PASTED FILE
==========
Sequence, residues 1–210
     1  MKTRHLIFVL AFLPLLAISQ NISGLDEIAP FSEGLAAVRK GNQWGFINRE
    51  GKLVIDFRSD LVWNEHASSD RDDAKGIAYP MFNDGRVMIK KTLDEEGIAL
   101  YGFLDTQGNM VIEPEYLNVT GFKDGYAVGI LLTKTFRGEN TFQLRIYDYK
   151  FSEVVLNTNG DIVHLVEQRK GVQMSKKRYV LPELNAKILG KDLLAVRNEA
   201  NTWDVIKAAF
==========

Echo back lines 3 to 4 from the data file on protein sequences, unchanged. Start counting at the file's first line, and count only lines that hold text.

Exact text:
    51  GKLVIDFRSD LVWNEHASSD RDDAKGIAYP MFNDGRVMIK KTLDEEGIAL
   101  YGFLDTQGNM VIEPEYLNVT GFKDGYAVGI LLTKTFRGEN TFQLRIYDYK